Aman Hussain, Neil McDonald, Nicola Little, Erin Weldon
Introduction: Acute Coronary Syndrome (ACS) remains a substantial healthcare burden. Previous research has demonstrated that women fare worse than men across a range of hospital-based ACS processes and outcomes. In the prehospital setting, the 12-lead electrocardiogram (ECG) can identify critical ACS cases and speed access to definitive treatment. However, studies on rates of ECG acquisition among patients at risk of ACS in the prehospital setting have shown that women receive the test less frequently than men.
Objective: The purpose of this study is to investigate the reasons for observed gender differences in rates of ECG acquisition in the prehospital setting.
Methods: This was a qualitative study of frontline paramedics in a mid-size Canadian city. Semi-structured interviews were conducted via Zoom. All interviews were scheduled for 40 minutes but were allowed to end naturally. Interviews were then professionally transcribed and shared with the research team. Reflexive thematic analysis was utilised to analyse the interview data to interpret findings. Rigour was addressed by frequent meetings amongst the research team, consistently revisiting and reviewing the data, and discussing our mutual interpretations.
Findings: Twenty-six (n=26) paramedics participated in the interviews. A number of specific barriers to ECG acquisition among women were identified and grouped into themes. These included: discomfort / hesitancy on the part of the patient or paramedic to exposing a woman’s chest (theme of safety); variable knowledge about sex and gender differences in presenting symptoms and risk factors for ACS (knowledge); inconsistent or absent gender-specific training in ECG acquisition and varied field experiences (training and learning); and diverse views on how behaviours and attitudes influence the conduct of the procedure (professionalism). Collectively, these four interrelated themes were integrated to represent a model of prehospital cardiac care.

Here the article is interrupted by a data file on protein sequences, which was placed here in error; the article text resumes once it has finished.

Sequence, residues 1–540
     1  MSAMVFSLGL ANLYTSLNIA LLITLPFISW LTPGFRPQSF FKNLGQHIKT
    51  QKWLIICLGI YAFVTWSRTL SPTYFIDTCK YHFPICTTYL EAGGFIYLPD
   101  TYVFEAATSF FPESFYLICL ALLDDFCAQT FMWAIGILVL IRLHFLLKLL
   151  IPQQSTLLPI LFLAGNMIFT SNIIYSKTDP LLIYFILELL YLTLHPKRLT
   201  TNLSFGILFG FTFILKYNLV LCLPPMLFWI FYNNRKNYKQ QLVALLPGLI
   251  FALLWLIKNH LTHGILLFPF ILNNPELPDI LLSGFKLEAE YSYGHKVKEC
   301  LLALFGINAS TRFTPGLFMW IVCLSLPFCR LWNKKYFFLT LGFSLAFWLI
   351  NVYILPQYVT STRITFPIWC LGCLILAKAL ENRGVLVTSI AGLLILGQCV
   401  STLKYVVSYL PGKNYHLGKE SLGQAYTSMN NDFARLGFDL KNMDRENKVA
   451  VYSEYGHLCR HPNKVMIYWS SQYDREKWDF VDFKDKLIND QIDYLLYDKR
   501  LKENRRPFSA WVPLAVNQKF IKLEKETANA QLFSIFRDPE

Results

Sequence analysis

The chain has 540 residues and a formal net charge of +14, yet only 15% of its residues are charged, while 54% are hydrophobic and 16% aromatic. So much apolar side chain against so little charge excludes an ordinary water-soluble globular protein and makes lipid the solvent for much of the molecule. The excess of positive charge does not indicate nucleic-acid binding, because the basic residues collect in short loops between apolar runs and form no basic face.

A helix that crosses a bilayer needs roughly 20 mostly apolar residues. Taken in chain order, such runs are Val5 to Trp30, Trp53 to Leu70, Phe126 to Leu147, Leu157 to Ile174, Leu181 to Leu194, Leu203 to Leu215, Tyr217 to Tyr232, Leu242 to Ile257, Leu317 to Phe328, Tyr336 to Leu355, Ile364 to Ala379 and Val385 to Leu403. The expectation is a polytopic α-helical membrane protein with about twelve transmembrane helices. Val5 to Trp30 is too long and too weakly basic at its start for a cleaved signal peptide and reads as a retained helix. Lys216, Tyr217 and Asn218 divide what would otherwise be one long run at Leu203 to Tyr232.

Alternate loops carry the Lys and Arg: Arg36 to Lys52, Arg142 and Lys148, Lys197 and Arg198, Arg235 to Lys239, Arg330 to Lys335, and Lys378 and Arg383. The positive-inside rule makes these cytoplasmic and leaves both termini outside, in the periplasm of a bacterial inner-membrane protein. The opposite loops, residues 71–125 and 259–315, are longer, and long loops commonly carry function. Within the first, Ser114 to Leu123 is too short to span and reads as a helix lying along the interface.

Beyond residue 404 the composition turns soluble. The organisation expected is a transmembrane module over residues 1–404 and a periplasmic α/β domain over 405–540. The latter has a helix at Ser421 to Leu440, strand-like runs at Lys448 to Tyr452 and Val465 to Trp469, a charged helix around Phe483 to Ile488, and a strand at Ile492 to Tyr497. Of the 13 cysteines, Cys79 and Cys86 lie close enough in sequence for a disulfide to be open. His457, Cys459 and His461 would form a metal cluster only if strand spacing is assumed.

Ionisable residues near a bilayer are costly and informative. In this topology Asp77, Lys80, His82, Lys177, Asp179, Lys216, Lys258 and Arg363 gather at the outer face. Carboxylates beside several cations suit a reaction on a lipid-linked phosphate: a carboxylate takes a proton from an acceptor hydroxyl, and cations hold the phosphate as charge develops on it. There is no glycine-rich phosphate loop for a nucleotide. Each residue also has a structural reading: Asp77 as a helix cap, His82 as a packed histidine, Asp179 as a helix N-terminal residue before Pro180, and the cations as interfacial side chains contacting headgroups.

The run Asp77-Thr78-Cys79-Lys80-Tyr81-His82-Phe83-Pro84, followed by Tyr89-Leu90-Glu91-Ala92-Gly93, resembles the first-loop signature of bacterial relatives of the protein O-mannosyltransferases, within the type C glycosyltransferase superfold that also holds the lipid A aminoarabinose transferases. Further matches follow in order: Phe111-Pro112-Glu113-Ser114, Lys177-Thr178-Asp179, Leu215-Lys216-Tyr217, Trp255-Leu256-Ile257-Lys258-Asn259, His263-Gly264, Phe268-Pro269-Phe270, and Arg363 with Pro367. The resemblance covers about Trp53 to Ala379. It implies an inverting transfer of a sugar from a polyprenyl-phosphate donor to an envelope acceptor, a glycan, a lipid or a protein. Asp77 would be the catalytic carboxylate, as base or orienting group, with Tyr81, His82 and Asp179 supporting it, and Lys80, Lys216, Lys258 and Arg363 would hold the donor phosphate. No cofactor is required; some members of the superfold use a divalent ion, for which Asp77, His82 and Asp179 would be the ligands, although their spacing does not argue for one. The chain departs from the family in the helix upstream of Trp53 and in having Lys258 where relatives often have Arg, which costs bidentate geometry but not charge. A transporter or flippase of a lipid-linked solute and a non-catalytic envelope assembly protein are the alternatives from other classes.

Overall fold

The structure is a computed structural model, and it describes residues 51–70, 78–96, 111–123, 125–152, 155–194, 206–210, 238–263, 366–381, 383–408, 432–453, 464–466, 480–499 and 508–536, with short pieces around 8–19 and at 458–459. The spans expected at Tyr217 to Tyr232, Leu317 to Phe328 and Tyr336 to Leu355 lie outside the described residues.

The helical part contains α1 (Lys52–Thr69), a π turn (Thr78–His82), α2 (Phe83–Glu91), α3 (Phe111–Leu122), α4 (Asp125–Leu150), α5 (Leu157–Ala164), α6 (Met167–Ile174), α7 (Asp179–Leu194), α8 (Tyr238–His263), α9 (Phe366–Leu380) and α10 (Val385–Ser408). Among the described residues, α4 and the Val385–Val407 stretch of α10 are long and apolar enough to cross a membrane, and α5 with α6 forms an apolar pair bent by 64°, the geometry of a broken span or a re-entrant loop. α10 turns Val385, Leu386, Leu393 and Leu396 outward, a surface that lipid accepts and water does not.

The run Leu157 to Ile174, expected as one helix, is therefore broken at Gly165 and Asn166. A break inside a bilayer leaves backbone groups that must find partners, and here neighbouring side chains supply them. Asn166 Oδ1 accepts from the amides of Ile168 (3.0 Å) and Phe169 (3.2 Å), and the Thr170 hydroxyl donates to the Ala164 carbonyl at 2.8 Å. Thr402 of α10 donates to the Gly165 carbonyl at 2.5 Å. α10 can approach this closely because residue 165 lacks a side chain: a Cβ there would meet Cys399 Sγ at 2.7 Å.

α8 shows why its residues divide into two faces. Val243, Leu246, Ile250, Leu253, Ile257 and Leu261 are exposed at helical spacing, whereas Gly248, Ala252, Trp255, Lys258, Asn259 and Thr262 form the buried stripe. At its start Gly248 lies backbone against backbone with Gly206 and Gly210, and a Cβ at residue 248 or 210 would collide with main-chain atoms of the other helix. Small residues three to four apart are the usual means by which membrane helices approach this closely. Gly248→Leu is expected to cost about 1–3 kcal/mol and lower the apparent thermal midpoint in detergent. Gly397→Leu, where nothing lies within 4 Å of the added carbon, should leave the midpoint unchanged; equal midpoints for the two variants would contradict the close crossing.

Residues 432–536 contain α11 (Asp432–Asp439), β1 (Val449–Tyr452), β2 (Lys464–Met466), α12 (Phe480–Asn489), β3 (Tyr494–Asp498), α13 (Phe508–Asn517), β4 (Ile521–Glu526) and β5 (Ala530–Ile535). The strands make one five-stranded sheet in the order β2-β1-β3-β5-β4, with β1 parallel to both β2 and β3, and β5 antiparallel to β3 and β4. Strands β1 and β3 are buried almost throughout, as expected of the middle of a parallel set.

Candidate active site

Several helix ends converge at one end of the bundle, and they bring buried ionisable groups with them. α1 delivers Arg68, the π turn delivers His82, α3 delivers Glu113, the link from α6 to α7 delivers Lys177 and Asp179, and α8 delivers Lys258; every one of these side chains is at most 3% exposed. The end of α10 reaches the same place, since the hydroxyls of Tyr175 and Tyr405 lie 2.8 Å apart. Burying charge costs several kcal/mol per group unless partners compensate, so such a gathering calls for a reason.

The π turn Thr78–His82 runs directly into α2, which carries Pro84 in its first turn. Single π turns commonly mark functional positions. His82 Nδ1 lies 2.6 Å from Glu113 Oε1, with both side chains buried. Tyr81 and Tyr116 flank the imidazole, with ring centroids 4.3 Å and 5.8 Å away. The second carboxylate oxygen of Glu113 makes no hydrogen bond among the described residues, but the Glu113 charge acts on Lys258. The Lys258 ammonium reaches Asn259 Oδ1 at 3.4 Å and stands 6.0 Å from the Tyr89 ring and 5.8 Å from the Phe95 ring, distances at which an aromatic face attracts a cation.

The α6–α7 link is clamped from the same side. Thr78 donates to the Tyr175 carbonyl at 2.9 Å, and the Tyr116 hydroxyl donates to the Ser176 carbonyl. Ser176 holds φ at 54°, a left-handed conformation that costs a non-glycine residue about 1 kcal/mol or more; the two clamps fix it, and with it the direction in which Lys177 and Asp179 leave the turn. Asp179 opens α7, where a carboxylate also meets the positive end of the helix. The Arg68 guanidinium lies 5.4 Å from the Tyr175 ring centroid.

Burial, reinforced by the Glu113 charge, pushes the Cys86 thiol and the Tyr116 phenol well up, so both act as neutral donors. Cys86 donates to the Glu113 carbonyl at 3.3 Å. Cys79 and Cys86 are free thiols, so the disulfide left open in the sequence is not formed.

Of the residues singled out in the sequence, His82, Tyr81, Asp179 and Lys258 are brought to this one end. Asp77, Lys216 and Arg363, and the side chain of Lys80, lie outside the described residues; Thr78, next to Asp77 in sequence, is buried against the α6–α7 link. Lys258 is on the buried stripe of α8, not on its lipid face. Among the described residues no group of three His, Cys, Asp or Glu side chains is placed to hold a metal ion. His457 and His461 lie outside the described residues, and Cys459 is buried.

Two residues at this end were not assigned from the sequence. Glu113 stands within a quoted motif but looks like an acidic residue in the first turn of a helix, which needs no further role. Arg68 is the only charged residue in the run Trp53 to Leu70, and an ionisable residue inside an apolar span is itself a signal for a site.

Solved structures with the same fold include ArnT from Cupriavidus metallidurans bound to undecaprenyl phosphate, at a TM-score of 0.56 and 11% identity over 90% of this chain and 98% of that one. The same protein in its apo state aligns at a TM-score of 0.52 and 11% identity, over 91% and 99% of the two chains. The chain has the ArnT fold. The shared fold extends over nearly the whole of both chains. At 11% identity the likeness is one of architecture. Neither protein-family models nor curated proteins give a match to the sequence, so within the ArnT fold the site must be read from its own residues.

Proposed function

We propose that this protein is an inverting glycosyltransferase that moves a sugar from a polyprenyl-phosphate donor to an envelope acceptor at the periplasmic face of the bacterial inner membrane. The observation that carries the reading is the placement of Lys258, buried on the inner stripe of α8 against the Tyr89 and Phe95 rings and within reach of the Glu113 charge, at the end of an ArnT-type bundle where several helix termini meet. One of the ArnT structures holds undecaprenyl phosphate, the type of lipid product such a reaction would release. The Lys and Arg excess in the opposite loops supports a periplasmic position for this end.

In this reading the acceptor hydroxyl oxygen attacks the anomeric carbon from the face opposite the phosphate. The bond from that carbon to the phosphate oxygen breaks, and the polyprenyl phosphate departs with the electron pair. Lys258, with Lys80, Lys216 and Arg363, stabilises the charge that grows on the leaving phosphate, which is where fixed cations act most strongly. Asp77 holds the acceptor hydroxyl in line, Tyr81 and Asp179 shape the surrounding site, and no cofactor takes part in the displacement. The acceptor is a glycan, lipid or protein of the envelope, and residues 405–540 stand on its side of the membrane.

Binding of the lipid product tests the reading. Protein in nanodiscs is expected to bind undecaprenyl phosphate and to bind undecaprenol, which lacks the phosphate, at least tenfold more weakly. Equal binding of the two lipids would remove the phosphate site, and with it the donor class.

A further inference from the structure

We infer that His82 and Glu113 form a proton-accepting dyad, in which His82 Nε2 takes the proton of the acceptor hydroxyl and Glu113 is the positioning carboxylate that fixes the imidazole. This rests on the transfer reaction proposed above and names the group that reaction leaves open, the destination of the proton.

Conclusions: This study filled a knowledge gap by documenting prehospital providers’ attitudes and beliefs around cardiac care. The model of prehospital cardiac care can provide a framework for evaluation and guide professional development. Further research is required to investigate gender-specific training and the utility of the model of prehospital care.